Note: While an urgent care facility can handle minor burns sustained in the kitchen, if it’s a severe burn, you should head to an emergency room, instead.
8. Maintain a Safe Work Space
If you’re working as a professional chef, there are a few additional tips to maintain a safe workspace despite the frenetic pace of working in a kitchen.
- Identify hazards. Be aware of potential hazards for slips, burns, and other common kitchen injuries. Address them if you can. For example, you can make sure that you and anyone else working alongside you understands how to use all available kitchen tools safely.
- Participate in safety training. Your workplace should provide training about not only how to successfully present delicious plates of food, but how to do so safely. Appropriate knife skills and how to operate large kitchen appliances are two areas that could reduce kitchen injuries, even if training is informal or as part of an apprenticeship.
- Communicate. A professional kitchen can be a loud place. That only makes it even more important to communicate throughout a kitchen shift to avoid trips and collisions that can cause workplace injuries. This is especially important in a tight kitchen space.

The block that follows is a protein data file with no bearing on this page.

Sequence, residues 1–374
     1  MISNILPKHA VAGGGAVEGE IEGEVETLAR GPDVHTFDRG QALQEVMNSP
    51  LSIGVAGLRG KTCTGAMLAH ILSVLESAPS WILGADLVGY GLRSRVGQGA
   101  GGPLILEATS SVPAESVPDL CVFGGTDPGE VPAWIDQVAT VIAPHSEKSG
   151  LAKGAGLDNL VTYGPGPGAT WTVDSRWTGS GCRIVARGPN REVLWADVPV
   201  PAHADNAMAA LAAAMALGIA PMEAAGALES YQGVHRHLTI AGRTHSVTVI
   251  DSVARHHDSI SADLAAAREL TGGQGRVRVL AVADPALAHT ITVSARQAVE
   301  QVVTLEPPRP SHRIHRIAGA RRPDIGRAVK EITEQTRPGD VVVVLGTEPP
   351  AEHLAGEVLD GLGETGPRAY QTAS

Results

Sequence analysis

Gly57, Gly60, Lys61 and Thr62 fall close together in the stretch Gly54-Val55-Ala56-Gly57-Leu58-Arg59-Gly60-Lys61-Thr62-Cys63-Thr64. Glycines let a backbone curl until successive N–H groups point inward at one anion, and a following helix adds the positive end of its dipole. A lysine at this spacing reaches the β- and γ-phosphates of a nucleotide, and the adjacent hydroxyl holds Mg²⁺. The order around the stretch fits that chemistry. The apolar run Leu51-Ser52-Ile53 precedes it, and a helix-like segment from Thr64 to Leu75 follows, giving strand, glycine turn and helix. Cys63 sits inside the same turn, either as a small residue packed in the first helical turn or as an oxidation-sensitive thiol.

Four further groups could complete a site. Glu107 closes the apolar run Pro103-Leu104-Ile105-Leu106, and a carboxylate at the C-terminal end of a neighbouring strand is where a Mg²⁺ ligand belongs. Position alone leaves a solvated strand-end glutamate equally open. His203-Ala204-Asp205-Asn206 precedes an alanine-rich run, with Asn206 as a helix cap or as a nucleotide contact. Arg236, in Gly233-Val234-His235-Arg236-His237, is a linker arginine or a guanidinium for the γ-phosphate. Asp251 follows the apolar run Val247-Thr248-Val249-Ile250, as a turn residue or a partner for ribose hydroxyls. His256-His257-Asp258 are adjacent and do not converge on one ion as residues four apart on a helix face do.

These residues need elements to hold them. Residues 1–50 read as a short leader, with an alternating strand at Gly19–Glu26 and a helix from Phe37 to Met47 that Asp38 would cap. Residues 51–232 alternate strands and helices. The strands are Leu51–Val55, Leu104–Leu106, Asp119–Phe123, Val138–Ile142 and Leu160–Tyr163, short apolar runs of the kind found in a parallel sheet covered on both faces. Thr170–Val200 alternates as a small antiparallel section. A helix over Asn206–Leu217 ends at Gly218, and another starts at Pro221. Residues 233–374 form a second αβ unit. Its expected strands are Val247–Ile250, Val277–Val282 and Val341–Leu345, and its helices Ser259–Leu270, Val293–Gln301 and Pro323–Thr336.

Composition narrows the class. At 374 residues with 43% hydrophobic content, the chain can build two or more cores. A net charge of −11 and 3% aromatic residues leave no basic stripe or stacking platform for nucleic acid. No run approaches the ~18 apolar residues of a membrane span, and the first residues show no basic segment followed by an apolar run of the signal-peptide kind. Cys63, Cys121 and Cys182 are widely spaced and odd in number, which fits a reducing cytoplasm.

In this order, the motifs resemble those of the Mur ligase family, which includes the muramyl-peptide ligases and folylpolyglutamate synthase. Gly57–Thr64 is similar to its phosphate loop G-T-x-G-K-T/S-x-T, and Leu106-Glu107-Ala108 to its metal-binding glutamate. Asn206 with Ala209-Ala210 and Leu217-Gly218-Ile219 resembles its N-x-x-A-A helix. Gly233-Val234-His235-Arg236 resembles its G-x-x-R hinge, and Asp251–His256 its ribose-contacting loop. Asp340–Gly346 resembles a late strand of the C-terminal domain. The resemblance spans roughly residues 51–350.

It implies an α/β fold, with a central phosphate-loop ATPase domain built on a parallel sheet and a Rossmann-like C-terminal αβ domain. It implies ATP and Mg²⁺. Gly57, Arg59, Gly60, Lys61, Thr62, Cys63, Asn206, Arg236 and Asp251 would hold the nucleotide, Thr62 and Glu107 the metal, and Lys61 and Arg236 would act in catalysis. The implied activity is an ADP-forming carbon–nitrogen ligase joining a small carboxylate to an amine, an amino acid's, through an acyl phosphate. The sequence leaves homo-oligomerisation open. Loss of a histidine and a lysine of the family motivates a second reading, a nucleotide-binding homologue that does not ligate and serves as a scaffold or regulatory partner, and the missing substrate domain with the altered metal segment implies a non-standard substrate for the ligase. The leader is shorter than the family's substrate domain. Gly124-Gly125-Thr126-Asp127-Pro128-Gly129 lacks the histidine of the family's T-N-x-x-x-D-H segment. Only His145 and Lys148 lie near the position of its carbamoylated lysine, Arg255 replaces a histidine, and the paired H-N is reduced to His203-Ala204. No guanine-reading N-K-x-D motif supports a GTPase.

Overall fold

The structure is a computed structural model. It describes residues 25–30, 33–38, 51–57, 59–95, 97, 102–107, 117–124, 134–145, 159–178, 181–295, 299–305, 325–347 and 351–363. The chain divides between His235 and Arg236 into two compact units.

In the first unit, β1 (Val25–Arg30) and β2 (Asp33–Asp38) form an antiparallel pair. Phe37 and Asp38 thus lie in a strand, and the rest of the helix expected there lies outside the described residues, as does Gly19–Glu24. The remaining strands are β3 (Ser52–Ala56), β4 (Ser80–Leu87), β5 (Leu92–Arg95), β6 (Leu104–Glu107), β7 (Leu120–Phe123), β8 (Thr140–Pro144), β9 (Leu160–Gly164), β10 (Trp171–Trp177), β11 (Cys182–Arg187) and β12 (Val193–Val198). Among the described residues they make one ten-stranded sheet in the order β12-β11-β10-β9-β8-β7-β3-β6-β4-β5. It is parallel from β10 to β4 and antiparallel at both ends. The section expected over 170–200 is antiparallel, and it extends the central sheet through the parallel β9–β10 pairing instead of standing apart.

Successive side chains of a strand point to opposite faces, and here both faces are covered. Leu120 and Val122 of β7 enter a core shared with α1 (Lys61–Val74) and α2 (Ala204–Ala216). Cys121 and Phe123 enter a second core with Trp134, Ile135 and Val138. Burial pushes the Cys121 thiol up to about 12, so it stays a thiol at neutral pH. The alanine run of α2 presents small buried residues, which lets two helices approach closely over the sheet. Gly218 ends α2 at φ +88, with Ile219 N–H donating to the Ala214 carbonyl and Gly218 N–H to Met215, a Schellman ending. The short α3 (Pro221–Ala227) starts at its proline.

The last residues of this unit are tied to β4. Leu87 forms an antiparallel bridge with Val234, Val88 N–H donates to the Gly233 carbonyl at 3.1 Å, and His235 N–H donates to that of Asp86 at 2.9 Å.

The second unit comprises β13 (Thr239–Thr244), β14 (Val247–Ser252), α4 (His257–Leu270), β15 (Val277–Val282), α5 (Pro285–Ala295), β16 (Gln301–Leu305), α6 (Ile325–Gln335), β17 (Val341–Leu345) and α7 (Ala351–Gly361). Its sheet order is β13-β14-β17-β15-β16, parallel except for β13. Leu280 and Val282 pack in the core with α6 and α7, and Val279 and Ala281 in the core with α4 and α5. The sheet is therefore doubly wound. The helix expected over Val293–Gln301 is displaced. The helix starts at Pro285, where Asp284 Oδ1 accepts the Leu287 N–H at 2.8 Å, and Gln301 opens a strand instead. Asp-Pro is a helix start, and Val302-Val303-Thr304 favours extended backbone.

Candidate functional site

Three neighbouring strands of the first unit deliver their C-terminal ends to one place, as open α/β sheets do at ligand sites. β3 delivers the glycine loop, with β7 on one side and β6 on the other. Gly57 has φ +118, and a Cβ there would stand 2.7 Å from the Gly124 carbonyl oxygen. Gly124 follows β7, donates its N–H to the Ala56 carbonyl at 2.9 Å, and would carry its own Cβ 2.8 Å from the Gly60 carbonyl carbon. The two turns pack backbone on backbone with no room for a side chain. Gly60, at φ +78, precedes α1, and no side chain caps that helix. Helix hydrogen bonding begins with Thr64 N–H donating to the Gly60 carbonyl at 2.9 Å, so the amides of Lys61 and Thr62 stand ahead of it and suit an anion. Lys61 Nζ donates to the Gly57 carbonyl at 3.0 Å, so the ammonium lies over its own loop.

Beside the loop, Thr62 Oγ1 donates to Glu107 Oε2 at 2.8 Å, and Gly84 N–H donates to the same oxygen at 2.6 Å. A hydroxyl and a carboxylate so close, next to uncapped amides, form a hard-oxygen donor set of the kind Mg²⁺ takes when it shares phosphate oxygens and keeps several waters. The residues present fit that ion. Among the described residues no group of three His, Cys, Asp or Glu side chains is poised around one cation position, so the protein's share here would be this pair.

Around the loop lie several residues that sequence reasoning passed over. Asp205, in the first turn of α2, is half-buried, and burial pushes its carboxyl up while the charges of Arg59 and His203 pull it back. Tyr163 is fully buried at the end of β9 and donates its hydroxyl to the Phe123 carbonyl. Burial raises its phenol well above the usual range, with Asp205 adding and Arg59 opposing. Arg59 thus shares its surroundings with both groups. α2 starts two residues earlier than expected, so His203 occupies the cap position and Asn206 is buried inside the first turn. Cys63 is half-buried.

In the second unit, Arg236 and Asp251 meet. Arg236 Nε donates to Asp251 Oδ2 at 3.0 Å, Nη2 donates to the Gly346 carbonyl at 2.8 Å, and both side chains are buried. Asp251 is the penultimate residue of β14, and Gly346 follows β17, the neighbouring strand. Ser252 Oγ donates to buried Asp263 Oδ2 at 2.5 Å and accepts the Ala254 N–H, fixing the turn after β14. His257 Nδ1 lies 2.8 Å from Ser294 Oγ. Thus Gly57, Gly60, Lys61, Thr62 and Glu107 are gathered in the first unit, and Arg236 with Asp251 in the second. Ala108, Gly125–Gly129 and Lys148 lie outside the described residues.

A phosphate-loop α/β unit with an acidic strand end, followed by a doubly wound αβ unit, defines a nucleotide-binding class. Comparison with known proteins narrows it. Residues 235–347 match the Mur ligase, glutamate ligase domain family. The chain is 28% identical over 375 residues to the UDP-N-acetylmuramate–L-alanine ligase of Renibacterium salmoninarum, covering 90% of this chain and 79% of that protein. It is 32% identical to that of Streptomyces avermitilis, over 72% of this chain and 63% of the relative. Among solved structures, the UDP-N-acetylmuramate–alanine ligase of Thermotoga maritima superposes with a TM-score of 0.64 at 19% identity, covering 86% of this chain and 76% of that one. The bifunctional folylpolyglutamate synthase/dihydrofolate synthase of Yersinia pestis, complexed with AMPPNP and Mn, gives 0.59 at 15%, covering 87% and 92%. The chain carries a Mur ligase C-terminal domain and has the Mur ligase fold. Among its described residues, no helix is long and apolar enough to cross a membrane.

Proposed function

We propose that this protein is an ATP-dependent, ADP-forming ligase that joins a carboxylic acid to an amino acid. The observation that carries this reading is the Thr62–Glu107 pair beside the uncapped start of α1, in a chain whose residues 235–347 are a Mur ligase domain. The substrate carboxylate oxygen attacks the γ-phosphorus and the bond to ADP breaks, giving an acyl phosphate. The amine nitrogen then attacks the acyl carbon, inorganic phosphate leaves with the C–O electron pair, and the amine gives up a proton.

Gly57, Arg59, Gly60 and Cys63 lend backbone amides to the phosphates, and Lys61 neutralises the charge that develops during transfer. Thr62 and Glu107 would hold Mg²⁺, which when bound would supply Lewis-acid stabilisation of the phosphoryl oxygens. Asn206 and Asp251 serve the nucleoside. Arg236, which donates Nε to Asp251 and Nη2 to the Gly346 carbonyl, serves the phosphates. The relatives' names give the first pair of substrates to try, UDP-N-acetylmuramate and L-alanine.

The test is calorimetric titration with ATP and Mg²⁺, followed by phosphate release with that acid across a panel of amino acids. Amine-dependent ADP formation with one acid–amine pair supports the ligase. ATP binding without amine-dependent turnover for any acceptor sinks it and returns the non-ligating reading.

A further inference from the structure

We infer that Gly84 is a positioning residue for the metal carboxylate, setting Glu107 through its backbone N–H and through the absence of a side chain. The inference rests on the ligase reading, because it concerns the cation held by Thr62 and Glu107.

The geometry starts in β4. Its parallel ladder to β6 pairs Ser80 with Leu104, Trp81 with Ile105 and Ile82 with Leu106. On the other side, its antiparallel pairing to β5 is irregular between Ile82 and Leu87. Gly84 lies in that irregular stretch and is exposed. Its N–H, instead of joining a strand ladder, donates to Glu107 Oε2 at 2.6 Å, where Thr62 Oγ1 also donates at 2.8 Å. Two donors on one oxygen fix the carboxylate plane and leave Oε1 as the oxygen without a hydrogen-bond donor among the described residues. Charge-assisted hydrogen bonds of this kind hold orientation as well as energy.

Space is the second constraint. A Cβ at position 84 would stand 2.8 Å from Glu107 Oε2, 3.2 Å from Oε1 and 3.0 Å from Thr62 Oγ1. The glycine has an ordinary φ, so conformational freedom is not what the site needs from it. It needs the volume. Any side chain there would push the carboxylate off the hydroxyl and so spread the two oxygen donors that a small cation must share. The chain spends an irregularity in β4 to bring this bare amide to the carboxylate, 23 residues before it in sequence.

- Understand workers’ compensation benefits. You should know your rights before an injury occurs at the workplace. If you work in a kitchen, know where to go if a workplace injury occurs and how to document that injury to get the medical help you need. If you’re the employer, maintain workers’ compensation insurance and an occupational safety plan.
An urgent care like Reliant can help with not only treating workplace injuries but issuing same-day reporting of incidents at the workplace.
If you’re not sure whether you need to come into the urgent care, schedule a virtual appointment to talk with a healthcare specialist about your health concerns. We’re here to help you get back on your feet and back in the kitchen as safely as possible.